Also, publishers bring out new books in hardcover format, which are significantly more expensive than paperbacks. No publisher expects individual students to buy these, but targets institutions and libraries. Only after a book recovers all its investment is it brought out in a cheaper format, which, for academic books, can take a few years. If the hardcover does not earn enough revenue, a paperback is not issued at all. I know. I am a publisher.
Some of the discussion of this issue (on the blogosphere etc.) has centred around whether there should be a legally permissible limit to how much of a book a student might photocopy. The Indian Copyright Act is clear on this. There is no upper limit prescribed. In other words, legally, in certain circumstances, a student can photocopy an entire book, if it is ‘in the course of instruction’.
The publishers claim that they would withdraw the case if the university agrees to let collecting societies keep track of what is photocopied and pay accordingly, on a per-page basis, which revenue would then be distributed to publishers and authors. This is a model in force in several western countries which have more maximalist copyright regimes than ours. In India, however, as we have seen, the law allows for the educational exception, so what the publishers are demanding is already subverting the law. In addition, there is the question of economic and social realities. An additional payment for reading material (for which the student is already paying photocopy charges) would, contrary to the publishers’ claim, pinch students from economically disadvantaged sections.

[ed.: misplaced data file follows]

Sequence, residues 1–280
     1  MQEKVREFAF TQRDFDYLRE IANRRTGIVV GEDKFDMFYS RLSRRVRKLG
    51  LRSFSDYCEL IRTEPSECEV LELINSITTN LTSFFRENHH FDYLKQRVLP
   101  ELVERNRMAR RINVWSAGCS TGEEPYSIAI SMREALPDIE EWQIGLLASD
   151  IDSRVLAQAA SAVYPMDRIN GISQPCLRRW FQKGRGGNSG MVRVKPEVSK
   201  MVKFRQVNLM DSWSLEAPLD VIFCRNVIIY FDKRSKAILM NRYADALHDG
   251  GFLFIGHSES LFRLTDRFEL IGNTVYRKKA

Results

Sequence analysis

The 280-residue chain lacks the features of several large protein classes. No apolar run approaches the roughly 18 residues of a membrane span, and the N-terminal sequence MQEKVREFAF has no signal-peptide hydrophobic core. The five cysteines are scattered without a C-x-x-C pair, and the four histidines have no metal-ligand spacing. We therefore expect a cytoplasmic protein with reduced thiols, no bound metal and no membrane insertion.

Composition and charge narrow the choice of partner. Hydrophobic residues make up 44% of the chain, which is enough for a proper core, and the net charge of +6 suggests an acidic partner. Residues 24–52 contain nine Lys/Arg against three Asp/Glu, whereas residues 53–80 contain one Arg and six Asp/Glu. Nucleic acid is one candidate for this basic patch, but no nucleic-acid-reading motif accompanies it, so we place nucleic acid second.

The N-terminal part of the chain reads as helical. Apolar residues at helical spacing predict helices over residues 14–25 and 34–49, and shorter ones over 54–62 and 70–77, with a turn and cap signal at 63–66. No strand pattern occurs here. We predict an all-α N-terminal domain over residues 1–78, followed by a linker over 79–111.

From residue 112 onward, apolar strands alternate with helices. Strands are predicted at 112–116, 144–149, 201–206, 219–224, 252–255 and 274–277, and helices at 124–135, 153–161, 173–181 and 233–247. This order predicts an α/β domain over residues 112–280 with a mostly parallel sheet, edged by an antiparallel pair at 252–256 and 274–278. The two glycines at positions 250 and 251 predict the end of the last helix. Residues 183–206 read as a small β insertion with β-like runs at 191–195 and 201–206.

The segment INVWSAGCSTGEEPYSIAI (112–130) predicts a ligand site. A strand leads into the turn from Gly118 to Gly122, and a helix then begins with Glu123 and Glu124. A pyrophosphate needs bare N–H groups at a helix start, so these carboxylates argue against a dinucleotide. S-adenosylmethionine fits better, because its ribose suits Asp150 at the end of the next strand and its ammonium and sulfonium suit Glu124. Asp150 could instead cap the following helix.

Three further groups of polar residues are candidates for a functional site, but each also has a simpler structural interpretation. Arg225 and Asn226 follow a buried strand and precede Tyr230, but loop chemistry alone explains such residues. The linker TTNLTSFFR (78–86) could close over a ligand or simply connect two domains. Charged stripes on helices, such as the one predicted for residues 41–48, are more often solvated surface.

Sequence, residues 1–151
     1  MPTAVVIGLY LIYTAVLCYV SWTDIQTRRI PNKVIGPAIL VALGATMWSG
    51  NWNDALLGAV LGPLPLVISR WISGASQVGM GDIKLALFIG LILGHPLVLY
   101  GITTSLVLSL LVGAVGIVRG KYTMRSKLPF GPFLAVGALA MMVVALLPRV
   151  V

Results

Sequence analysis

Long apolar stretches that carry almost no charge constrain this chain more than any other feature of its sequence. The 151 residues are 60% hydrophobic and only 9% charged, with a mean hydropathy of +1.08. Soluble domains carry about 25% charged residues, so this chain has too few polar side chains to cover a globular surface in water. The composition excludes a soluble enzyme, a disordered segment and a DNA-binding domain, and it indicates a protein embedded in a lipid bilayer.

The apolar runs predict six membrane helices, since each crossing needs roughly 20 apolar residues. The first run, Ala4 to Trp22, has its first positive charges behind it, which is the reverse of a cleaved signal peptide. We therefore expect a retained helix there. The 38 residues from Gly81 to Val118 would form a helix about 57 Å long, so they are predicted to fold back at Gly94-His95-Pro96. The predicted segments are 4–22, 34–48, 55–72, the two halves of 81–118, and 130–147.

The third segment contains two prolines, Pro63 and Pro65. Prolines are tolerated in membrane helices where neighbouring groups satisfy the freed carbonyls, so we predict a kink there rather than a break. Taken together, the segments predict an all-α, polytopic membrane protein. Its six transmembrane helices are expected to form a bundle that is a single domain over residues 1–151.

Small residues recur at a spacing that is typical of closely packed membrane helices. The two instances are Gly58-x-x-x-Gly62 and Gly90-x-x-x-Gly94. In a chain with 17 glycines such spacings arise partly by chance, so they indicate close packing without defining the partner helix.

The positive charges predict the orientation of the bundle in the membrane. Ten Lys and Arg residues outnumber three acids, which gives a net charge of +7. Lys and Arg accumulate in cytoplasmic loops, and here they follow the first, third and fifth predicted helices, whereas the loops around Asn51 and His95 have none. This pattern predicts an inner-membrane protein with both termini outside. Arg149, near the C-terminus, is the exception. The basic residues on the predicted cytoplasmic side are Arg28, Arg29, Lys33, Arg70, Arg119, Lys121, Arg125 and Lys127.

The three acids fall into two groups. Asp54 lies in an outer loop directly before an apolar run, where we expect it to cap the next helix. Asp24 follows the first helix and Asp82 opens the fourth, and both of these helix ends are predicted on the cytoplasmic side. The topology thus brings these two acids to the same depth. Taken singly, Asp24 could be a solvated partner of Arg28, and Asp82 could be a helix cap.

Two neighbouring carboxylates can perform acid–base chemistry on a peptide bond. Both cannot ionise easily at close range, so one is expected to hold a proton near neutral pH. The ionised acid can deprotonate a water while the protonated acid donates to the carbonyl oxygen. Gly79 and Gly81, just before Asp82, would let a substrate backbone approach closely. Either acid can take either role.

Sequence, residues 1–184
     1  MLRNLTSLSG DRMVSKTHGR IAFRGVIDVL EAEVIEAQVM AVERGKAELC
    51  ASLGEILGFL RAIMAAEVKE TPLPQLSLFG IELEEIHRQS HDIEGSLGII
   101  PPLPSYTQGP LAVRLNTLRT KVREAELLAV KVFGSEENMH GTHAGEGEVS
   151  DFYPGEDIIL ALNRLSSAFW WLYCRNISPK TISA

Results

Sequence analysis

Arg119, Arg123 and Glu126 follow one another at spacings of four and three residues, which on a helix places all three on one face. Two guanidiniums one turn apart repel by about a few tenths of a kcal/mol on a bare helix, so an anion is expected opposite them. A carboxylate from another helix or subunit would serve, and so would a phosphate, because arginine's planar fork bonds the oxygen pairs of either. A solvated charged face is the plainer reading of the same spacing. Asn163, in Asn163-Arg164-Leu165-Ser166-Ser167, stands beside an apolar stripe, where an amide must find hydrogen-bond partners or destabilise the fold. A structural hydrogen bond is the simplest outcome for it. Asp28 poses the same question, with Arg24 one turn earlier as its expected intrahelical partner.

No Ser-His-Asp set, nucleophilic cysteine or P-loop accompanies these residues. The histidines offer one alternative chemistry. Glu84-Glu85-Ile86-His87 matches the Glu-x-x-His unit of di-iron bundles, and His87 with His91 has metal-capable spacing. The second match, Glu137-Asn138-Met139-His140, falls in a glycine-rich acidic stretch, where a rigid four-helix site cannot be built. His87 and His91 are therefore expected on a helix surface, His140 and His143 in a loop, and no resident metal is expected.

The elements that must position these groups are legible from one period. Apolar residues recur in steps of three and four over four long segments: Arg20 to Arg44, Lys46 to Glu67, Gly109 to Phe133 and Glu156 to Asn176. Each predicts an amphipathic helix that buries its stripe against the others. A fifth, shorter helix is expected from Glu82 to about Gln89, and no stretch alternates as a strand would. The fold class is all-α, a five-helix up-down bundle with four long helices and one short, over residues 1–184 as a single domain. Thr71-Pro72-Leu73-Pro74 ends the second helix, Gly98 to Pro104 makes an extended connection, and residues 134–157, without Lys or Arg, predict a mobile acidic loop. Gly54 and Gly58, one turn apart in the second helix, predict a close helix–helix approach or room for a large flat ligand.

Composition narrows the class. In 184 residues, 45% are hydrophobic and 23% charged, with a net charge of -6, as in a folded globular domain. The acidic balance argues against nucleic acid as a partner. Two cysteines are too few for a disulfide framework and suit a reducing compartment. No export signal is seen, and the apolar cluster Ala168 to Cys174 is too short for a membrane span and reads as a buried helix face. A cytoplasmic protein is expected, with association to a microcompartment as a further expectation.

The publishers’ claim, if implemented, would result in reducing the ‘gene pool’ from which academics, researchers and the intelligentsia are drawn. So it is not the students who are killing the goose that lays the golden egg, as Mr Patel claims. On the contrary, it is the publishers who are doing so.
4. That the publishers are responsible for ‘commissioning and publishing’ studies. Well, yes. But only after universities pay academics salaries and provide facilities to carry out research in the first place. And at least a part of the university budget comes from students’ fees (not to mention taxpayers’ money). OUP and CUP, ironically, should know this better than anyone else. They would be nothing without the universities whose names they derive so much prestige from.
5. That students are selfish, violent, immature. Well, maybe some are. But then so are many corporations. And their Directors. And lawyers. And CEOs. And Heads of States.
6. That open access publishing is not a realistic option. Not true. In the sciences, there already exist a large number of open access, peer-reviewed journals of the highest standards. And books? Readers might want to download a free pdf of a LeftWord title here: http://ddkosambi.blogspot.in/2011/12/many-careers-of-dd-kosambi-pdf-version.html. We have also published many of our titles under a Creative Commons license.
Alternatives to copyright and the rule of monopolies exist. Assuming, of course, that we see knowledge as a right of all humankind, not merely as a means for profit-making.
(Sudhanva Deshpande is Managing Editor, LeftWord Books, and an actor and director with Jana Natya Manch, Delhi. He can be reached at firstname.lastname@example.org.)